Conflicts of interest: None declared.
Excessive work and risk of haemorrhagic stroke: a nationwide case-control study
Version of Record online: 11 DEC 2012
© 2012 The Authors. International Journal of Stroke © 2012 World Stroke Organization
International Journal of Stroke
Special Issue: World Stroke Day Edition 2013
Volume 8, Issue Supplement A100, pages 56–61, October 2013
How to Cite
Kim, B. J., Lee, S.-H., Ryu, W.-S., Kim, C. K., Chung, J.-W., Kim, D., Park, H.-K., Bae, H.-J., Park, B.-J., Yoon, B.-W. and ABBA study investigators (2013), Excessive work and risk of haemorrhagic stroke: a nationwide case-control study. International Journal of Stroke, 8: 56–61. doi: 10.1111/j.1747-4949.2012.00949.x
Funding: The ABBA study was primarily supported by the Korean Food and Drug Administration. This post hoc analysis was supported by research grants from the Korean Health 21 R&D Project, Ministry of Health and Welfare, Republic of Korea (A102065, A110490). The analyses and interpretations of the data and the final content of the article were produced independent of the financial sponsors.
- Issue online: 22 OCT 2013
- Version of Record online: 11 DEC 2012
- Korean Food and Drug Administration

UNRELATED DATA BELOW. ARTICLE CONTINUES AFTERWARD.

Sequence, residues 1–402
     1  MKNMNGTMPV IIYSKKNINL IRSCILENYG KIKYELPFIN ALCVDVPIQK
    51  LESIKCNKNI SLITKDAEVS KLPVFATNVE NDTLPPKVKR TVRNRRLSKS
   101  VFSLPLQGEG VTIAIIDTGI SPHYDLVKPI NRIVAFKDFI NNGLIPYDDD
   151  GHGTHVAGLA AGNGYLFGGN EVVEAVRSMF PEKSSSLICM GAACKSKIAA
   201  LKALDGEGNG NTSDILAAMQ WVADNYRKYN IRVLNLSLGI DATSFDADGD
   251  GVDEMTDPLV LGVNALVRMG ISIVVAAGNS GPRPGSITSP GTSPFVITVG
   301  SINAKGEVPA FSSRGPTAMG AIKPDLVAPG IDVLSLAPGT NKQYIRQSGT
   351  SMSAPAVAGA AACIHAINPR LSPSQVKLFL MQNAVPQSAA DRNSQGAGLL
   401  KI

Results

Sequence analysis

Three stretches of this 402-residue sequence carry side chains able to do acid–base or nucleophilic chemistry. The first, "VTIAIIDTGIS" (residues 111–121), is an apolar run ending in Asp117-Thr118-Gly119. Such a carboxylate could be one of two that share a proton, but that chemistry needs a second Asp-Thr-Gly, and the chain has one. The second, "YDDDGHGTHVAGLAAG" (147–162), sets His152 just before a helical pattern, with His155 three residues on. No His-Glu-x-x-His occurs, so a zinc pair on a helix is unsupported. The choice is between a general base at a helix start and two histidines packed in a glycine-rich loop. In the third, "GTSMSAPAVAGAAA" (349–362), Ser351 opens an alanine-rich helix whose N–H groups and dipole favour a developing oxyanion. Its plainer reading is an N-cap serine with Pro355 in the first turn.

- Korean Health 21 R&D Project
- Ministry of Health and Welfare. Grant Numbers: A102065, A110490
- haemorrhagic stroke;
- intracerebral haemorrhage;
- sub-arachnoid haemorrhage;
- working condition;
- working hour
Adverse effect of excessive work on health has been suggested previously, but it was not documented in cerebrovascular diseases.
The authors investigated whether excessive working conditions would associate with increased risk of haemorrhagic stroke.
A nationwide matched case-control study database, which contains 940 cases of incident haemorrhagic stroke (498 intracerebral haemorrhages and 442 sub-arachnoid haemorrhages) with 1880 gender- and age- (±5-year) matched controls, was analysed. Work-related information based on the regular job situation, including type of occupation, regular working time, duration of strenuous activity during regular work and shift work, was gathered through face-to-face interviews. Conditional logistic regression analyses were used for the multivariable analyses.
Compared with white-collar workers, blue-collar workers had a higher risk for haemorrhagic stroke (odds ratio, 1·33 [95% confidence interval, 1·06–1·66]). Longer regular working time was associated with increased risk of haemorrhagic stroke [odds ratio, 1·38 (95% confidence interval, 1·05–1·81) for 8–12 h/day; odds ratio, 1·95 (95% confidence interval, 1·33–2·86) for ≥13 h/day; compared with ≤4 h/day]. Exposure to ≥8 h/week of strenuous activity also associated haemorrhagic stroke risk [odds ratio, 1·61 (95% confidence interval, 1·26–2·05); compared with no strenuous activity]. Shift work was not associated with haemorrhagic stroke (P = 0·98). Positive associations between working condition indices and haemorrhagic stroke risk were consistent regardless of haemorrhagic stroke sub-types and current employment status.
Blue-collar occupation, longer regular working time and extended duration of strenuous activity during work may relate to an increased risk of haemorrhagic stroke.